Okay, the first two installments have been short and to the point, a format that will continue throughout this series.
Time for another blog entry, of course, but this one will have some rambling about this tool or that, and include some pictures that some label as ‘Tool Porn.’ Ahh, now that’s the way to write a blog series on LJs, right? So with that teaser out of the way, time to talk about aprons. And I don’t mean these:
Apron measurements came straight from that diagram, except that I added an inch to either end of all the apron cuts to account for tenons. It was a very straightforward activity, jointing the long edges of each apron, top and bottom. The #8 Jointer (Heft & Hubris) is a tool that simply refuses to stop once it’s in motion; no hand tools compare to the feeling you get using this beast.
But I digress. To do the jointing means taking passes with the #8 along the entire length of the stuff until at least a near-full-length shaving is taken. Flat should be attained at that point, and it’s confirmed with a winding stick of your choosing. The second quality check comes with the square; you want the new edge to be square the board’s face. If it’s not there are a couple of options that I’d like to explore.
The first is technique. Let’s say the edge runs away from the face, like this:
Conversations here on LJs tell me it’s somewhat common to inadvertently hold a plane off-level like this when jointing. Could be a left hand/right hand balance thing, or even an imperfect clamping of the piece to be worked. Doesn’t matter, it happens. To fix it is to hold the plane such that it takes the high side down a little with each pass of the tool until the outside skew is gone. And that’s the way I usually addressed the problem. It typically meant taking a bunch more passes, though.
Instead of adjusting my grip on the plane, this time I tried something different that was mentioned in Robert Wearing’s Woodworking Essentials: using the lateral adjust on the cutter to correct the skew. I adjusted the cutter of the plane in such a way that it counters the worker’s tendency to apply the slant in the first place. In other words, in this example, I extended the cutter a bit more from the sole of the plane on side that is towards me at the bench, and with two passes:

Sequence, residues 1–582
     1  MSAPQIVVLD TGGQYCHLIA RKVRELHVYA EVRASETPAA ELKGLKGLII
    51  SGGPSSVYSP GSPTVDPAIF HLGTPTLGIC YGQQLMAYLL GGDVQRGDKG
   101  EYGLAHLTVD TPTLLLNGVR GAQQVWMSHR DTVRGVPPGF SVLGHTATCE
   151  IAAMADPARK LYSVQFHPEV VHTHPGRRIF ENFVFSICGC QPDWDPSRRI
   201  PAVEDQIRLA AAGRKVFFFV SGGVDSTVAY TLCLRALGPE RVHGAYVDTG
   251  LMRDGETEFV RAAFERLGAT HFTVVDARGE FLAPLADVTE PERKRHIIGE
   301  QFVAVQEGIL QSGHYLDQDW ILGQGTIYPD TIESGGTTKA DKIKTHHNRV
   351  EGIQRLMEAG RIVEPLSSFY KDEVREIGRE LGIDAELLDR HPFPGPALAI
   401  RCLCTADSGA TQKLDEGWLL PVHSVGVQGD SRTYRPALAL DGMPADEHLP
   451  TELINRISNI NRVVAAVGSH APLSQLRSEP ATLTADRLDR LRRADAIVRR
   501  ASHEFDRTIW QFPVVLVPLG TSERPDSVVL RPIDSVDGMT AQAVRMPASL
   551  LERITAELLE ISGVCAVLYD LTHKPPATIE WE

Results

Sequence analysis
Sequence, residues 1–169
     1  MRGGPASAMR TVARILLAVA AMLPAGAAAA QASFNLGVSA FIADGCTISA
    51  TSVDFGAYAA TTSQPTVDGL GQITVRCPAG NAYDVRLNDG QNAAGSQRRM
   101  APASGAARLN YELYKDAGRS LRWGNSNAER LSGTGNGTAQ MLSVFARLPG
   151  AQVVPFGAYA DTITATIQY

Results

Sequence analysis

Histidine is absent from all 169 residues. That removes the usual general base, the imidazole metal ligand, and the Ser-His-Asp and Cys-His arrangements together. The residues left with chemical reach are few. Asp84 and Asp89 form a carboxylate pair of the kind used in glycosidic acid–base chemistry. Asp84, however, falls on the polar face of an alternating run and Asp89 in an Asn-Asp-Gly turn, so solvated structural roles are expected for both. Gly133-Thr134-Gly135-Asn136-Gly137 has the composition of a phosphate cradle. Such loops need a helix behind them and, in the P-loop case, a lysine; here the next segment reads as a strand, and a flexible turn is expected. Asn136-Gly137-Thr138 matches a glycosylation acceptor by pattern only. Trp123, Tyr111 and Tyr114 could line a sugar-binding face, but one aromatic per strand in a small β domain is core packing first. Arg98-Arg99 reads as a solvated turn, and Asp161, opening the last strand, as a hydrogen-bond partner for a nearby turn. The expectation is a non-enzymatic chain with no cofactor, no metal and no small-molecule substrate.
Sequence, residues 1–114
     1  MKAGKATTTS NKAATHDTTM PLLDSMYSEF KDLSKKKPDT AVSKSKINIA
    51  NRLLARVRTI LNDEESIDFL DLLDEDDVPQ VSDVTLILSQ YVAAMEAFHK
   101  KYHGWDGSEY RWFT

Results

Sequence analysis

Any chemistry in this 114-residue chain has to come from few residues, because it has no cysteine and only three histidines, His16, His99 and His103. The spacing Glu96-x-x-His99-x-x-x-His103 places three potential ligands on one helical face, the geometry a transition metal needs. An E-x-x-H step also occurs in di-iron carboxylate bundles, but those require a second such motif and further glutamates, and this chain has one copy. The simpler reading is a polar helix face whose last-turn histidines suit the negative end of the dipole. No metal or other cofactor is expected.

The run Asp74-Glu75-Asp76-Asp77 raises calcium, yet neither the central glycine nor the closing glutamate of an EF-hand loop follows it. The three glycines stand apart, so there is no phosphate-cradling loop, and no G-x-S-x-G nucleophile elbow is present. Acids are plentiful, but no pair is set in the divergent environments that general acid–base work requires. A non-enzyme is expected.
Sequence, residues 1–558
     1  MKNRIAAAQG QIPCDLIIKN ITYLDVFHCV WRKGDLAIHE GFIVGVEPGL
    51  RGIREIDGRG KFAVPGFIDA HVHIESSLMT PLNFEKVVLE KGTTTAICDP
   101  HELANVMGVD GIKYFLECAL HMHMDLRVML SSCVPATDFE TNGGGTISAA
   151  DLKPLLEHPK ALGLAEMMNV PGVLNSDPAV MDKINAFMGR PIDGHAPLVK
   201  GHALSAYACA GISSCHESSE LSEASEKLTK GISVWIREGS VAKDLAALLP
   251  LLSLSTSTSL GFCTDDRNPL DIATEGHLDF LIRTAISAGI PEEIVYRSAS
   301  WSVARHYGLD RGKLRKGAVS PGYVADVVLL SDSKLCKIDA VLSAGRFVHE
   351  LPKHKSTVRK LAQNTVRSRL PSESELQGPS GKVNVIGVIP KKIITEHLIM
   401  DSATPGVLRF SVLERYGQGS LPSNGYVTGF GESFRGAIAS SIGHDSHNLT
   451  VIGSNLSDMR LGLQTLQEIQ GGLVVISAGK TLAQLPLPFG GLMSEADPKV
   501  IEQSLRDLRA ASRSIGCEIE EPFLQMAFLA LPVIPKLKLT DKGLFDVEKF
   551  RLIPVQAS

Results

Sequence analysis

The result was spot-on square.
And by the time I was half-way through the overall exercise, I was taking level swipes for flat and hitting a couple more to address skew without even checking for square along the way and it worked every time. Funny how I’m that predictable.
Once the aprons were dressed and cut to the length, it was time to mark them for tenons. The key here is having a tool that can reliably capture and apply markings from the mortises that are already in place (my M&T equivalent of ‘tails first’ is to cut mortises first, but astute readers will have noticed in the second blog the reclaimed legs were pre-morticed) to the stock that will receive the tenons. Where to mark? Good question.
Besides being made of 2×4s, the apron design included a piece of 1x stock on the bottom of each apron as a detail. I like it, and want to add it to both pieces. The depth of the resultant ledge was wag’d visually by making a pattern piece that featured tenons to fit the mortises extant in the legs and a 1x ledge that ended with some setback from the surface of each leg (if that makes sense).
My pattern pieces:
The side marks of the tenons to be cut were transferred to a marking gauge.
And in case you just missed it, when it comes to marking gauges there’s no substitute for rosewood and brass (see Galoot Index): the Stanley #198. Here’s the business end of the tool:
And a blurry pic of the Stanley logo w/ No. 198 on one of the marker stems:
Defining the thickness of the tenons is easy (that’s what doing mortises first does for you!); I needed to set the gauge based on the face of the apron stuff. Here’s taking those settings from the gauge and putting them to a piece of apron stock:
I cut the tenons out of the 2×4 apron stuff with bench hook and backsaw (no glamour there), and for awhile had legs and apron pieces scattered around the shop.
Follow-on fit checks went well, so it was time for glue-up. First, the short ends were put together. The 1x stock held the legs square to the apron, BTW.
Then the long sides.
Six foot bar clamps and ratchet straps come in handy at times like this.
Checked everything for square and ensured all four legs were solidly on the floor, too. Let the glue cure overnight, glued and nailed the 1x adder stock to the aprons then applied primer to everything.
That completed the table frame! Enough of this installment, so until next time thanks for looking!
-- Don't anthropomorphize your handplanes. They hate it when you do that. -- OldTools Archive --